Beth McNamara: Hello everybody and welcome to today’s conference audio training. A closer look at neutrality, documentation and the courts offered by the Office on Violence Against Women in partnership with Praxis International. My name is Beth McNamara I will be your host for today’s call.
Jane: Good afternoon everyone, we’re going to talk today about documentation. We’re going to start with a bit of real life. I’m going to take a few minutes to read this, this is a letter with the exception of names and identifying details was a report that went to the court. Familiar practice for just about everyone working in supervised visitation and safe exchange. Sometimes either routinely or on request being asked to provide information to court perhaps to a custody mediator to an official decision-maker who’s going to be making some decisions about what’s happening with the children, mothers, fathers, with a particular family, and sometimes if you spent time hanging out or observing what happens in court proceedings, you’ll sometimes see some of these reports actually read into the records, but either way they come to the court.
This is to the family court from the supervised visitation center regarding case number such and such, Amanda Moore, petitioner, custodial parent , Joe Brown, respondent, visiting parent, date 06/07/04. Number of children, two, Joe Jr., six y years old, date of birth, Jill, four years old and her date of birth. The date visitation started February third, 2004. There have been 15 visits the visits were scheduled for one hour every week, punctuality, mom did not show up for the first scheduled visit, when supervised center called her she expressed she forgot about the visit and was apologetic. Mom’s friend drops the children off ten minutes late on 06/06/04; mom was five minutes late for visitation, on 02/17/04 dad was 15 minutes late for visitation. He expressed that his lawyer advised him to start visits on 03/01/04; however, he wanted to see his children and arrived late to the visit. On 04/15/04 dad called and said he would be 10 minutes late because he was picking up his son Charles to visit with Joe, Jr. and Jill. Compliance, dad complied with all rules of visitation, however, mom was advised on 05/13/04 that her friend Mr. Smith was not to drop the children off for visitation in light of the restraining order against Mr. Smith. On 05/20/04 dad called police to the center and explain the restraining order, the police asked for the 05/13/04 letter to be faxed to them and center faxed the letter the same day to Officer Pine’s attention. Observation, Mr. Brown interacts with his children playing board games and outside play, Jill enjoys putting her head on her dad’s shoulders and hugging him while dad walks around holding her during the visit. Dad brought his son Charles to this visit, and Joe Jr. and Jill were happy to see him and enjoyed playing with him. Dad was very loving, caring and attentive to all his children during supervised visits. Also, Mr. Brown always displayed a positive attitude during the weekly visits with his children.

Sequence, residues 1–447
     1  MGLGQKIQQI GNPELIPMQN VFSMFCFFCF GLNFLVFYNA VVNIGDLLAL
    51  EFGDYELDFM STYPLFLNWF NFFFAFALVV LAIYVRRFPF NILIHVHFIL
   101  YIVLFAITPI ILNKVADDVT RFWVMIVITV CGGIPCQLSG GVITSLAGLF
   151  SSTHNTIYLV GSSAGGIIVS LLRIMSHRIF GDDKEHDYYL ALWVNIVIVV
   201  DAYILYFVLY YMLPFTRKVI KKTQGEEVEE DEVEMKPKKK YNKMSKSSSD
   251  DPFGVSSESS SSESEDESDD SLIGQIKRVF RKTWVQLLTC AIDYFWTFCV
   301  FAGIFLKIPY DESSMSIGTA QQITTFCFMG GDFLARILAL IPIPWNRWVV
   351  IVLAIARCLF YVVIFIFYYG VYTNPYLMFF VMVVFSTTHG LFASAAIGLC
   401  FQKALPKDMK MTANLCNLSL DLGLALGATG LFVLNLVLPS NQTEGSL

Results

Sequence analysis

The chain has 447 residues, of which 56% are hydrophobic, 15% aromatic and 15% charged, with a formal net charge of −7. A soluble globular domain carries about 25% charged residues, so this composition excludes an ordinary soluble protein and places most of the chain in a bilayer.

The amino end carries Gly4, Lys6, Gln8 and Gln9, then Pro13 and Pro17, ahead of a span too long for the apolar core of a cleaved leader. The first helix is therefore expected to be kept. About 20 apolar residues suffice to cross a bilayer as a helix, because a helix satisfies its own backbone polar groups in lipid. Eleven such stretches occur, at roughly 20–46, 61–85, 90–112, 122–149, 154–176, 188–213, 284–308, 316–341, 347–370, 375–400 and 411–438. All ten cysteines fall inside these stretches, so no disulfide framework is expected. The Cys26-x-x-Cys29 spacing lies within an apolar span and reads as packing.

Now pretend for a minute that you’re the judge and this has come to you. I’d be interested to hear from many volunteers how this report would help or hinder you in figuring out what is safe for Amanda Moore, or Joe Jr., and Jill or Joe Brown. What is safe for all involved if you hear this report to the court? It’s daunting to be at the receiving end of every form and be thinking about what message is this carrying. Neutrality questions lead pretty quickly to thinking about the documentation and the practices of what is happening and what we’re reserving and what we’re thinking and the conclusion and opinions we’re reaching are recorded and where and how they’re replayed. So this letter when it came across the work that we were doing together in the community that was involved brings a lot of questions about the documentation practices of the center involved and some of those included from this how do you know exactly who’s at risk and in what ways. Do you even know why the case was referred? Form this report can you reach any conclusion? Do you have any idea if it’s safe for this mother to have contact with this father? Is it safe for Amanda Moore to have contact with Joe Brown? He’s repeatedly arriving in a way that he can observe who’s brining the children to the center and when, does that raise any questions or suggest a problem for her safety or for someone else’s safety? What way do the words and the observations carry? Words like very loving and carrying and attentive and positive attitude tend to say a lot and carry a lot of weight. So another question comes up when we’re looking at this is, can a father be all those things with his children? And still be a danger to them? Still be a danger to their mother? If you pulled out a report from your center what it read a lot like this one? And when you step back and begin asking questions about what messages is carrying? What kind of questions do you start forming and shaping?